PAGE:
The speaker understands the dark ironies of his situation, that those in power benefit from the poor’s labor and claim that it is God’s will. The innocent would not be able to comprehend reality as the experienced can. The plate illustrates how the sweep is visibly tainted by experience—he is a dark, sooty figure, in contrast to the white snowstorm around him (Blake 90). The introduction to Songs of Innocence and of Experience states that experience not only reflects a soul stained by the evils of the world, but it can also “define an imagination self-darkened by its own ‘mind-forg’d manacles’” (Damrosch 78). Can the experienced chimney-sweep be trapped with a sullied state of consciousness not only by the outside forces of oppression but also by his compliance? It is not clear whether Blake believes redemption is possible for the experienced.

William Blake, 1757-1827
William Blake, 1757-1827 | Source

Blake uses the terms “innocence” and “experience” ambiguously, showing both the states of the human soul and the imagination’s knowledge or ignorance. His two poems titled “The Chimney Sweeper” contrast the subjects’ awareness of societal and political evils. The innocent have more faith and hope, but they are dangerously naïve and vulnerable. The experienced understand their oppression, but they see no chance of redemption, which makes their spiritual prison partly self-inflicted. Blake’s Songs of Innocence and of Experience uses ambiguous terms to show that the human soul is not easily understood and to expose how dark forces prey upon the weak.

Works Cited

Blake, William. “The Chimney Sweeper.” Damrosch, et al: 2:81.

Blake, William. “The Chimney Sweeper.” Damrosch, et al: 2:89-90.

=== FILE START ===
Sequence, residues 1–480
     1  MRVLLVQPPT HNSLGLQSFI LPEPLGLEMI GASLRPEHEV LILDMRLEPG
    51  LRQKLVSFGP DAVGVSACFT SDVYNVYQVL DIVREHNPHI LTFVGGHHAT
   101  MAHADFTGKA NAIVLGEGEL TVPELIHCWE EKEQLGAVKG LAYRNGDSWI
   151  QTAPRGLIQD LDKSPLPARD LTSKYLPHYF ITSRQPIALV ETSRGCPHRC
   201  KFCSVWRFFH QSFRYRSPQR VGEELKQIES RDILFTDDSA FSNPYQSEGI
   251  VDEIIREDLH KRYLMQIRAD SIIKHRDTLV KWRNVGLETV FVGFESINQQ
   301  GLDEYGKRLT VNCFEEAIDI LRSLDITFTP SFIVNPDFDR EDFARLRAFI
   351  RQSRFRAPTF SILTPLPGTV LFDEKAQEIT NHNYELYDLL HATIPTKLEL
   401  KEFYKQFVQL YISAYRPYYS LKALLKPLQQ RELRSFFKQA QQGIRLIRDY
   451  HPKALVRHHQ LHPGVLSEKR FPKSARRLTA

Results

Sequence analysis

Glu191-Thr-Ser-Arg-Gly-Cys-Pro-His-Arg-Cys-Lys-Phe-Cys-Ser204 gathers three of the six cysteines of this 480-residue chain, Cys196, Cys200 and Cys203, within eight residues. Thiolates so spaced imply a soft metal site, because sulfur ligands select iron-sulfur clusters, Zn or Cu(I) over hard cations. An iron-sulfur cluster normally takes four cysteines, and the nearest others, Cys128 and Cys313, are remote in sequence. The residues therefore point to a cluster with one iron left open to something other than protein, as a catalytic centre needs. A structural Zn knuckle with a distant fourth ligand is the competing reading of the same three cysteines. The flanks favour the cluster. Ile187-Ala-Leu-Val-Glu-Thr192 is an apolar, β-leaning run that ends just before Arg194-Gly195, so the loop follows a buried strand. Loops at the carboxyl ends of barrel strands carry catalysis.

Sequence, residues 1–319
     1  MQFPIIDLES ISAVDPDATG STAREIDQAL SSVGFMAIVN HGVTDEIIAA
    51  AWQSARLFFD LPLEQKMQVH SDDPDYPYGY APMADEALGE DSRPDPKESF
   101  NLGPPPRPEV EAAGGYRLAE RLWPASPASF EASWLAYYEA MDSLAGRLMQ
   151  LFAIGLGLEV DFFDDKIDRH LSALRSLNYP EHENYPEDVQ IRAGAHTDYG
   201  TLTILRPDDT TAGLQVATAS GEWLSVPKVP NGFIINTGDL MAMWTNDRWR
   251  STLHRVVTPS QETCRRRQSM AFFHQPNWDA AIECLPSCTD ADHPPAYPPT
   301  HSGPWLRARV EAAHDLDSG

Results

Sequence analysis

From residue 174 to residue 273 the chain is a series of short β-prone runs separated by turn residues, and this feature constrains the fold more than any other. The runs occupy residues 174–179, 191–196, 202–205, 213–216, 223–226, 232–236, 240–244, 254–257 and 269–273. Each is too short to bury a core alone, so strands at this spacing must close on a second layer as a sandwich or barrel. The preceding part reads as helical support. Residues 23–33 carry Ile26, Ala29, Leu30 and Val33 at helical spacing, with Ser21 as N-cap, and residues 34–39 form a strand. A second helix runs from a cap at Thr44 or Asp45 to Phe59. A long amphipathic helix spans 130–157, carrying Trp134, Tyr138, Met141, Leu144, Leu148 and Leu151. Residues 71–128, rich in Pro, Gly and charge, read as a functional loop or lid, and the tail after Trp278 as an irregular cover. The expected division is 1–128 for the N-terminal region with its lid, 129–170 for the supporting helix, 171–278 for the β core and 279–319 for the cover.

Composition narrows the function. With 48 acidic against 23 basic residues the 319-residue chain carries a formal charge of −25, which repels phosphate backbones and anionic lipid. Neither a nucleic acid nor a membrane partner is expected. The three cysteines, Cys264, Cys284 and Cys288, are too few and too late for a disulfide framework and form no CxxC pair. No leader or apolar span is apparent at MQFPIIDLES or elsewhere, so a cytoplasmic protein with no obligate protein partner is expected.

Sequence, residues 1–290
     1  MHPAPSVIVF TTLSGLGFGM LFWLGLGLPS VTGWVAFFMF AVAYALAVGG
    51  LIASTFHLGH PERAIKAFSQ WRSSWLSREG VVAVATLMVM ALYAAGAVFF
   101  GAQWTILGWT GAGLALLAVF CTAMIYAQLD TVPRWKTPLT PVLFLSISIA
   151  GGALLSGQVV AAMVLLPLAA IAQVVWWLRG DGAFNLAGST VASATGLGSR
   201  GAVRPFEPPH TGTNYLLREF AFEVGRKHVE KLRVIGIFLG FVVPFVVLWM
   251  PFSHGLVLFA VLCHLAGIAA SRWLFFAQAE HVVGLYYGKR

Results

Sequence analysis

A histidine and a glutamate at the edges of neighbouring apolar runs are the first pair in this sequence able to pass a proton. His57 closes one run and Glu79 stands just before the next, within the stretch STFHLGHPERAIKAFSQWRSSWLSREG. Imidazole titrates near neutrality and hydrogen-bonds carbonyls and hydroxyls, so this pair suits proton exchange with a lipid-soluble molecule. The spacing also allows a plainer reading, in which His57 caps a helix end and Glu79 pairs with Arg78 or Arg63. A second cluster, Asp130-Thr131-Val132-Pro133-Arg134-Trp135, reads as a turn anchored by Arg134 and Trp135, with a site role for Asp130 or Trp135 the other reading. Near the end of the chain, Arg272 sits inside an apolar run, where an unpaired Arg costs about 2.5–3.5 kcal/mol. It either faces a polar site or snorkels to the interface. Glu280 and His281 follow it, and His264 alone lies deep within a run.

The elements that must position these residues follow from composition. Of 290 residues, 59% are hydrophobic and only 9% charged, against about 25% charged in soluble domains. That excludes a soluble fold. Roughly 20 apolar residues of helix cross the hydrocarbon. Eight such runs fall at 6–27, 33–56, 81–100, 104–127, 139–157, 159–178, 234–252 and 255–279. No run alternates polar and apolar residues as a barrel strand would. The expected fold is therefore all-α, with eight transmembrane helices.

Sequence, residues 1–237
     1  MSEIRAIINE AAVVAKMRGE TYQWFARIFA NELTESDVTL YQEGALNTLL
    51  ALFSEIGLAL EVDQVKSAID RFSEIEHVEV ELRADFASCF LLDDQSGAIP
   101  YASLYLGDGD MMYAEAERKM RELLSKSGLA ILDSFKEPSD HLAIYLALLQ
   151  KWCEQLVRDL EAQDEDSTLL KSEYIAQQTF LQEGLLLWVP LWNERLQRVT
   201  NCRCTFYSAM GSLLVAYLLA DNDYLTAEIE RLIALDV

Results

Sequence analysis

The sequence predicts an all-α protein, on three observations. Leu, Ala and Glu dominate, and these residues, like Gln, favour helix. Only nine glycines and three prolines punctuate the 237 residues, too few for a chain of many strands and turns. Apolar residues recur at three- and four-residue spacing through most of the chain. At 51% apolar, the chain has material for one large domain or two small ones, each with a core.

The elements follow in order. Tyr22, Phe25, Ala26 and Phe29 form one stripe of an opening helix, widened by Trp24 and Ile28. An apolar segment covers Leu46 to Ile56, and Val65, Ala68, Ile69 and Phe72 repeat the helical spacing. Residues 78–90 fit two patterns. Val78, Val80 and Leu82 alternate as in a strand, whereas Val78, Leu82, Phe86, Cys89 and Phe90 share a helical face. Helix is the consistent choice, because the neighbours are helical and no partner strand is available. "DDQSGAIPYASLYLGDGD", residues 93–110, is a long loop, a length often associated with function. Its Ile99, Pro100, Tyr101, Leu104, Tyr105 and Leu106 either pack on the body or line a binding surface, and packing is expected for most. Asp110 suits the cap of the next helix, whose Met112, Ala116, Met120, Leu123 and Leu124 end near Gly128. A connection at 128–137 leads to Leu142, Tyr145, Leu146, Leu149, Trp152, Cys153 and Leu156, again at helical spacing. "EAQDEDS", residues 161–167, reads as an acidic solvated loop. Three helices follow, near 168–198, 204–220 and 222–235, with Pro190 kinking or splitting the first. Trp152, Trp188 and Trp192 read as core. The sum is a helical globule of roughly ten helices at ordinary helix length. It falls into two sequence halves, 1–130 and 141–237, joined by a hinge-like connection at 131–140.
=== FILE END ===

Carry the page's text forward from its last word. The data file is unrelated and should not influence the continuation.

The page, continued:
Damrosch, David, et al. Introduction. Songs of Innocence and of Experience. By William Blake. New York: Pearson, Longman, 2004. 77-78.

Damrosch, David, et al. The Longman Anthology of British Literature. Second Compact Edition. 2 vols. New York: Pearson, Longman, 2004.


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    • Painted Seahorse profile imageAUTHOR

      Brittany Rowland 

      7 years ago from Woodstock, GA

      Thanks for reading and commenting, Kathryn!

    • kathryn1000 profile image


      7 years ago from London

      Very well put and interesting

    • Painted Seahorse profile imageAUTHOR

      Brittany Rowland 

      8 years ago from Woodstock, GA

      Thanks for your comments, Talisker. I agree with you about Blake's famous poems and how they're still relevant today. Some of those human issues are just timeless.

    • Talisker profile image

      Honor Meci 

      8 years ago from UK

      I enjoyed reading your hub painted seahorse. I think everybody should read the songs of innocence and experience, or at least some of the more famous poems, like The Tyger or the Chimney Sweep, they still reflect society today and address very human issues as well as the social issues of the time. Voted up.

    • Painted Seahorse profile imageAUTHOR

      Brittany Rowland 

      9 years ago from Woodstock, GA

      Thanks again, Cogerson! I really enjoyed studying Blake, too. Not only did he write poetry, but he made engravings and painted also. One of my favorites from that period.

    • Cogerson profile image


      9 years ago from Virginia

      Very impressive hub Painted Seahorse, way back in my college days I had to take a course on the Romantic Age, and Blake and his Songs of Innocence poems were talked about for a huge amount of time in that class. Lots of interesting facts in your hub...voted up and useful.